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Need some lecture notes? How about an exam guide, or perhaps a video tutorial on Statistics 220 exam at the University of Toronto?

Let’s call it the Jerry Maguire strategy: Help me help you.

OneClass, a graduate of Montréal’s FounderFuel accelerator, enables students to teach students by providing a means for them to create learning tidbits on specific courses and components at 50 colleges and universities across the U.S. and Canada. The company just raised $1.6 million from SAIF Partners, Real Ventures, and a few existing angel investors to multiply that 50 into 500.

Video PageAnd, presumably, to turn the 200,000 students currently using the service into two million — and then to expand to high school.

“We feel that students are highly underutilized as value creators. That is why we built OneClass with a gamification system designed to reward high-value contributors and users,” CEO Jack Tai told me via email. “The system is based on credits, which users accumulate through receiving downloads for their contributed documents or by referring friends/classmates to the site. With these credits, users can choose to download documents from the site without having to pay or they can also choose to redeem their credits for a variety of real gift card rewards at their favorite retail store.”

In other words, if you help other students with their homework, you could score gift cards for Abercrombie & Fitch.

Many educational startups see big dollars associated with complete school-wide deals on major campuses — the educational equivalent of an enterprise sales approach. OneClass, formerly NoteSolution, is taking the popular consumer-first approach to the education industry — selling directly to students.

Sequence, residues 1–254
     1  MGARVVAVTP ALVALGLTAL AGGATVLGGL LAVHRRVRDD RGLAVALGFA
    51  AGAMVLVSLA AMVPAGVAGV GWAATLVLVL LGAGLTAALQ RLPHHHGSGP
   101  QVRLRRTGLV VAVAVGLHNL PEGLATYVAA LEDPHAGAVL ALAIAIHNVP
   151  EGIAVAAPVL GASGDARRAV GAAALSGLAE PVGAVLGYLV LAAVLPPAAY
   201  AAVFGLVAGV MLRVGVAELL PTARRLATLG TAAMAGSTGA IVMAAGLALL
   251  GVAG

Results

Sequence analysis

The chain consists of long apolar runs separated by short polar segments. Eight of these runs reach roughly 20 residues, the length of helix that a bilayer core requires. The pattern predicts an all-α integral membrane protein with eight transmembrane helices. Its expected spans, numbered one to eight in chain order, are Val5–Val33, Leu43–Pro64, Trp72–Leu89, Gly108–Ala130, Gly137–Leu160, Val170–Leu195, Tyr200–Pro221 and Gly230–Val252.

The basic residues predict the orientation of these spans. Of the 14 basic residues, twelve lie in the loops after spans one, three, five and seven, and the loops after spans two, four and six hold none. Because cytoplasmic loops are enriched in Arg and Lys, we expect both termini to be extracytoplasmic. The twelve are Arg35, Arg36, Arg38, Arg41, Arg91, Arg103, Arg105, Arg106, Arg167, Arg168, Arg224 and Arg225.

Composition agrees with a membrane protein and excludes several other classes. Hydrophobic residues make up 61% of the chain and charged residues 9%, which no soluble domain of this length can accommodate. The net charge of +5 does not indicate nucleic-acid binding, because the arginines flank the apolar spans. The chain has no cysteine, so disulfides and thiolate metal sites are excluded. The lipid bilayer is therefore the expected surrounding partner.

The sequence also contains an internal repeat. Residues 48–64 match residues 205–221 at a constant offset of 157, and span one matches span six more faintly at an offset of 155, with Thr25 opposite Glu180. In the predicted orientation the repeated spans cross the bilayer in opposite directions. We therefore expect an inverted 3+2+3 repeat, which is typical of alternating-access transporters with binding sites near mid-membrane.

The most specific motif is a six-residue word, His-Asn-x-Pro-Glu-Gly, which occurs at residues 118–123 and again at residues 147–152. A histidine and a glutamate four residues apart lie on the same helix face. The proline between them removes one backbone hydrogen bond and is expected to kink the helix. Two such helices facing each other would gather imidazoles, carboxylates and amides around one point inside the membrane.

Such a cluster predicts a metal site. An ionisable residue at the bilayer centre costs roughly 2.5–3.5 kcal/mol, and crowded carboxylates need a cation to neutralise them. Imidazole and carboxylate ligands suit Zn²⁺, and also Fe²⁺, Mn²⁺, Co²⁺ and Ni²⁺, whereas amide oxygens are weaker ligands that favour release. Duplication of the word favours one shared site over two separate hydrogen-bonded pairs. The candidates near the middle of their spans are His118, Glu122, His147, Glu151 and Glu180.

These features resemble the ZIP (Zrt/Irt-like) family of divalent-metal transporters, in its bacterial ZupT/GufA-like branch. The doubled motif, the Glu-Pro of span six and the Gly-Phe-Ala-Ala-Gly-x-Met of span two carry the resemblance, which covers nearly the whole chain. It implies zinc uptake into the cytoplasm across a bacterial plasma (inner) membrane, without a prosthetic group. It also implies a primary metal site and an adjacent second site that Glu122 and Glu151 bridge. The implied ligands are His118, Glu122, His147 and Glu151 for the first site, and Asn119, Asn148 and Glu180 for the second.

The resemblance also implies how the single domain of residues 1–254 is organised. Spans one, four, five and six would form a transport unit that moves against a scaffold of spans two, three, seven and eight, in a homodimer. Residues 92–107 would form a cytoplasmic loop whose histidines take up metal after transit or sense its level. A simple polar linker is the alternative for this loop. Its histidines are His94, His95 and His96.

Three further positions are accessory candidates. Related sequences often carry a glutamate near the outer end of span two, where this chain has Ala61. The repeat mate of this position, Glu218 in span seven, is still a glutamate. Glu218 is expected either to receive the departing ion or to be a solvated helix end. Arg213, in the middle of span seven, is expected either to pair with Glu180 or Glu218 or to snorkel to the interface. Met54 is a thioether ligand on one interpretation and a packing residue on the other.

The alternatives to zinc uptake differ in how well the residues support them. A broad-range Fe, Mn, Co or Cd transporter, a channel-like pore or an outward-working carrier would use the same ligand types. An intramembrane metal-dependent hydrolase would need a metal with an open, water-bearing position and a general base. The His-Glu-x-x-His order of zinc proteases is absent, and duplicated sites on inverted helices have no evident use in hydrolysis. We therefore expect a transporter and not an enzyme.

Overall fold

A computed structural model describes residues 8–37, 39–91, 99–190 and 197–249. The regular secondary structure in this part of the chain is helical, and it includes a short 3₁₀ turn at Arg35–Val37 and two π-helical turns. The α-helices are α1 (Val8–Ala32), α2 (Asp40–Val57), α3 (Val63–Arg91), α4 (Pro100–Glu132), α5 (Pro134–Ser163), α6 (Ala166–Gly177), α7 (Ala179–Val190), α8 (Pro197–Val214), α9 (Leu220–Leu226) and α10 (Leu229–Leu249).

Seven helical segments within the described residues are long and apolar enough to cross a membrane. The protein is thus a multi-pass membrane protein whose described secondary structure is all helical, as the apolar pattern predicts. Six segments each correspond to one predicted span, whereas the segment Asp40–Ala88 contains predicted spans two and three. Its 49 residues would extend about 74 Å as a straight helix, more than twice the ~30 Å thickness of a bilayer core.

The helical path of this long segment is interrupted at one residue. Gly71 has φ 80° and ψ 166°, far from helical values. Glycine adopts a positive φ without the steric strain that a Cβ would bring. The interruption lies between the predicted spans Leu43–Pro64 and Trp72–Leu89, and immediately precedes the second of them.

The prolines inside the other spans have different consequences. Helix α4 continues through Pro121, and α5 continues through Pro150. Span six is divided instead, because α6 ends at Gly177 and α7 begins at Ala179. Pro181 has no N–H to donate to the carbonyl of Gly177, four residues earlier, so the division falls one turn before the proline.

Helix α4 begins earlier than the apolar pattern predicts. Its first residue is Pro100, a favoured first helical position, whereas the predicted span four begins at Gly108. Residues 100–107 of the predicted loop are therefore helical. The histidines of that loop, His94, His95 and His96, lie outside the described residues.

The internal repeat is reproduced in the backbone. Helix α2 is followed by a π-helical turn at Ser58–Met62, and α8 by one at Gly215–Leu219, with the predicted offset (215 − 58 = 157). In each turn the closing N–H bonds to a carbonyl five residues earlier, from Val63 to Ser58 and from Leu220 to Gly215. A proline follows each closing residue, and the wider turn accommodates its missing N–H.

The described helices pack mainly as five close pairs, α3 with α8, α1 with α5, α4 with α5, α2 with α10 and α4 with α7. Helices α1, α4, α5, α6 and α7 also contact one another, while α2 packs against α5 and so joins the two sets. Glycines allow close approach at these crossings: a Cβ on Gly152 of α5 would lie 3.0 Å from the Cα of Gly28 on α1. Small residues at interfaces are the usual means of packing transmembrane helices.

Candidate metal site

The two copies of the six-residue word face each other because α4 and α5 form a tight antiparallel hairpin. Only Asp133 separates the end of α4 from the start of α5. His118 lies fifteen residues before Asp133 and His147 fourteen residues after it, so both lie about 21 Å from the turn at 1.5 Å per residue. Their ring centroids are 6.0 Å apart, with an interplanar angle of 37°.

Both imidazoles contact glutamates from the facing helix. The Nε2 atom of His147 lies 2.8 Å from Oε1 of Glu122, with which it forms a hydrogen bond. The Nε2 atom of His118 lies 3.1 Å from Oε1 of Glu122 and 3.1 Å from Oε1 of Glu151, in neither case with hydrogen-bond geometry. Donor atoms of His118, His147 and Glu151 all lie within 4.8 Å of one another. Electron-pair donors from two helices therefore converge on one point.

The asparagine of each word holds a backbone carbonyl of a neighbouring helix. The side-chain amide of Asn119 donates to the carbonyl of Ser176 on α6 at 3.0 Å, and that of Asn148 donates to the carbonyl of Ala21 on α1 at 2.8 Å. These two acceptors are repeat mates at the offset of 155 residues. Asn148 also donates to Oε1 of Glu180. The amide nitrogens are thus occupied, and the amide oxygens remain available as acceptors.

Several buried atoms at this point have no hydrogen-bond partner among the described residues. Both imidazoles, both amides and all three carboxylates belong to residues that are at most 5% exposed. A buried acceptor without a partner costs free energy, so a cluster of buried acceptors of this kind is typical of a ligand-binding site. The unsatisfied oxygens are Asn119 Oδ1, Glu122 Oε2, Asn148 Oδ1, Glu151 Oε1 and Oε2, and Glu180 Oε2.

Which is also why it’s not spending time or money on difficult integrations with school’s learning management systems.

Dashboard“Rather than building for professors or institutions, all of our features are designed to make sharing content frictionless for the students,” Tai says. “By focusing on capturing the knowledge passed down from student to student, we’re able to accumulate content at scale that will benefit future generations of students.”

The $1.6 milllion will go towards rapid expansion of schools and content, Tai told me. Currently, the company has content for 10,000 courses.

“Making that transition from high school to university is difficult, especially from a 20 person classroom to a 500 person class. Students have limited and costly options to find extra help after a lecture ends – the choices are Google, YouTube, and private tutors charging $40-80/hr,” he added in a statement.

90 percent of students who use OneClass improve their grades, the company says.

Expansion to high school is on the company’s radar as well.


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